*Department of Biological Sciences, University of Calgary, 2500 University Drive N.W., Calgary, Alberta, Canada T2N IN4
Implications of the dental eruption sequence in Barbourofelis (Carnivora, Nimravidae) for the function of upper canines and the duration of parental care in sabretoothed carnivores
Article first published online: 24 MAR 2009
Journal of Zoology
Volume 222, Issue 4, pages 585–590, December 1990
How to Cite
Bryant, H. N. (1990), Implications of the dental eruption sequence in Barbourofelis (Carnivora, Nimravidae) for the function of upper canines and the duration of parental care in sabretoothed carnivores. Journal of Zoology, 222: 585–590. doi: 10.1111/j.1469-7998.1990.tb06015.x
- Issue published online: 24 MAR 2009
- Article first published online: 24 MAR 2009
- Accepted 16 November 1989
The eruption of the large deciduous upper canines in the nimravid sabretooth cat Barbourofelis was delayed until after the individual was eating meat. This inference is based primarily on the eruption sequence and dental wear displayed by seven specimens referred to this genus. It indicates that the sabres were not required for feeding and suggests that these teeth were primarily killing devices. The deciduous upper canines in Barbourofelis and the permanent canines in large felids probably erupted at similar stages of dental ontogeny. If the potential for independence from adults occurs with the eruption of canines that were large enough to serve as killing devices, the delayed eruption of the deciduous sabres in nimravids did not necessitate any significant extension to the long period of parental care that is typical of the extant Carnivora.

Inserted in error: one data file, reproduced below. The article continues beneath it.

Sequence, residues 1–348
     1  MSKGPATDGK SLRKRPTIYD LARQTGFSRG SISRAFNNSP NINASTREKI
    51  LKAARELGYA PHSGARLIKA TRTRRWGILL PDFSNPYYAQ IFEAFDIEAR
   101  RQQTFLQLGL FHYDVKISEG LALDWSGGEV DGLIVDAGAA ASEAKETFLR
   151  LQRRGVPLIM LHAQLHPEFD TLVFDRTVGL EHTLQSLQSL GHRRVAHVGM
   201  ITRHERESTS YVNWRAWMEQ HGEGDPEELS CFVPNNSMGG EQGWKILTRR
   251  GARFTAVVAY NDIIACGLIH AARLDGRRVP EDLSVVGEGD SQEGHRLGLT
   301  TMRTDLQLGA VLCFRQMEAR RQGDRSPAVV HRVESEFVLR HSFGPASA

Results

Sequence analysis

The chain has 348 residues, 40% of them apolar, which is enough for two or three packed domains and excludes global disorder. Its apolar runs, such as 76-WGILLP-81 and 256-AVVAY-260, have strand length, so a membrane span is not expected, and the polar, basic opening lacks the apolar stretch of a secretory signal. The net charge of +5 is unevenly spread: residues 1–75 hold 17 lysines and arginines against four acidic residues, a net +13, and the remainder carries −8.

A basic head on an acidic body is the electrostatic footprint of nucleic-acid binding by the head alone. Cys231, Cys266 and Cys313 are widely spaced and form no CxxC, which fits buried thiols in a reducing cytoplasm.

The eruption sequence of, and patterns of wear to, the dentition of Barbourofelis demonstrate that juveniles were processing meat before the eruption of the deciduous sabres and thus the upper canines were not necessary for feeding. This supports the view that the sabres were preferentially killing devices; any use of the sabres in dismemberment of the carcass by adults was probably secondary. The transfer of these inferences to felid sabretooths such as Smilodon may be unwise; however, arguments that Smilodon's sabres were inefficient slicing devices (Simpson, 1941), and the patterns of wear on its incisors and cheekteeth (Miller, 1969; Akersten, 1985), suggest that a similar scenario is likely. The marked modifications to the morphology and eruption sequence of the dentition in Barbourofelis may not have resulted in any significant increase in the length of parental care.